Learn from trail-building experts this season while contributing to the robust trail network that’s in the pipeline for Morgantown.
An ambitious trail-building project in Morgantown continues moving forward this spring, with big results for everyone starting this fall.
“We took a hiatus on construction over the winter and focused on planning and design,” says Richard Edwards, outdoor recreation infrastructure coordinator for WVU’s Brad and Alys Smith Outdoor Economic Development Collaborative. “Now that the green is back and stuff is drying out, we’re focusing on volunteer work and construction.”
The year since Edwards started at the Smith OEDC last spring has been filled with deep foundational work to raise Morgantown up as a trails town. Some of that work is easy to guess at—identifying potential trail sites, partnering with property owners, submitting grants, training crew leaders. Some of it is simply figuring out what types of trail construction work in our terrain.
“I continue to be surprised at just how wet Morgantown is,” says Edwards, who’s built trails across the U.S. and internationally over the past two decades. “We’ve tried a variety of techniques to see what works best on the soils in Morgantown, and we’ve settled in on a couple of them—so I’ve been impressed by how wet Morgantown is, but I’ve been even more impressed by how dry and ride-able the new trails we’re building are.”
That kind of expert trial and error takes time, but now it’s part of the local knowledge base that will support a pipeline of dozens of miles of new trails over the coming several years. “We haven’t been rushing to get new trails open,” Edwards says. “We’re focusing more on getting the process in place so, as stuff ramps up, we’ve got that capacity.”
The volunteer energy in Morgantown is high, he says, and he’s excited to see people using techniques today that they weren’t using a year ago. He names “stone pitching” as an example, a type of rock armoring in which rocks are set vertically into the ground instead of horizontally. “It does a better job of allowing water from seeps to flow through and under the trail tread rather than over the top,” he says. “People are now doing this independently—they’ve learned how to use this and other techniques and tools.”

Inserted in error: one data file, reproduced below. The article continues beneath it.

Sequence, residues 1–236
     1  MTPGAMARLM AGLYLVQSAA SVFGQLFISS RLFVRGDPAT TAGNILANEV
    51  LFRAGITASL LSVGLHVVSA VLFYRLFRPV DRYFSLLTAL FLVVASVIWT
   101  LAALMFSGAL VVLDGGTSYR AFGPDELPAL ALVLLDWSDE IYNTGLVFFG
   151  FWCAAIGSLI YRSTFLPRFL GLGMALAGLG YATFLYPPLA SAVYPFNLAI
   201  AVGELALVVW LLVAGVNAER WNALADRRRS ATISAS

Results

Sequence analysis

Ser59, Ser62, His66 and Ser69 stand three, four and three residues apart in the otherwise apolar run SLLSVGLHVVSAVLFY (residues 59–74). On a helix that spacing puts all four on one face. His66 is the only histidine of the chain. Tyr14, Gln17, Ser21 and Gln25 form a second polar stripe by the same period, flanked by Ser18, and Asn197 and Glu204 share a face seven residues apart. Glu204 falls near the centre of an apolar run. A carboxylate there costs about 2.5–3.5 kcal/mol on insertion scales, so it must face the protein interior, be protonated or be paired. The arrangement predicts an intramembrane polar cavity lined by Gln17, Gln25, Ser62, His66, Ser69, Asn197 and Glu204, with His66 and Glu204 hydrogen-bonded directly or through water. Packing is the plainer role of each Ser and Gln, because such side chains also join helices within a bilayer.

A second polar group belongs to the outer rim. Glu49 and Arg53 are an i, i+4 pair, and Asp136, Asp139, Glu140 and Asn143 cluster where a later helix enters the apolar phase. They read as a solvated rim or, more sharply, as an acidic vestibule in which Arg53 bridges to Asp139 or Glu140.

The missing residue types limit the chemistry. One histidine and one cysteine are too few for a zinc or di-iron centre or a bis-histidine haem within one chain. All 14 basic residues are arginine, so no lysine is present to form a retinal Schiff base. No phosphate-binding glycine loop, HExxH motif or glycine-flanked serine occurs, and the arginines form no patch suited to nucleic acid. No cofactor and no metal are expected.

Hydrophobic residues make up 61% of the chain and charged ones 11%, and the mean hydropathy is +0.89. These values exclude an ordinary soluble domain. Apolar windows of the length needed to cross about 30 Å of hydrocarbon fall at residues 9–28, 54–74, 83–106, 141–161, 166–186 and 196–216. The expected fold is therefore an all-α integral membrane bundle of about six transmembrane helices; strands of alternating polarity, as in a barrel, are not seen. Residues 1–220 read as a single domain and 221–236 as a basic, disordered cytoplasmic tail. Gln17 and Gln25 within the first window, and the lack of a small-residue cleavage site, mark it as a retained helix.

Work this season will focus primarily on several miles of new trails at West Run. Grading and cut-in are done, and the volunteer finishing work will prepare the trails for a grand opening in the fall. With much more soon to follow: “We’ve been doing planning and design across 10 locations in the city of Morgantown, at WVU, and on other partners’ property,” Edwards says, “and that’s all in preparation for getting those trails ready to start building in the next 18 months.”
The Smith OEDC is based in Morgantown, but it’s a statewide program, and exciting trail work is happening all across the state. “We’re currently assisting nine other communities around the state,” Edwards says. “Projects are on track to be awarded nearly $10 million in funds for trail development in Morgantown and elsewhere, and those communities should own those wins—we gave advice and technical support, but they’re succeeding because they’ve got dedicated people making great outdoor recreation happen.”
To be part of the growing trail-building energy and expertise in Morgantown, visit iServe and search for “trail building.” Sessions are currently scheduled to take place from 4 to 7 p.m. on Thursdays and from 9 a.m. to noon on Sundays—and if you’ve got a group of six or more that needs a different time, contact the coordinator.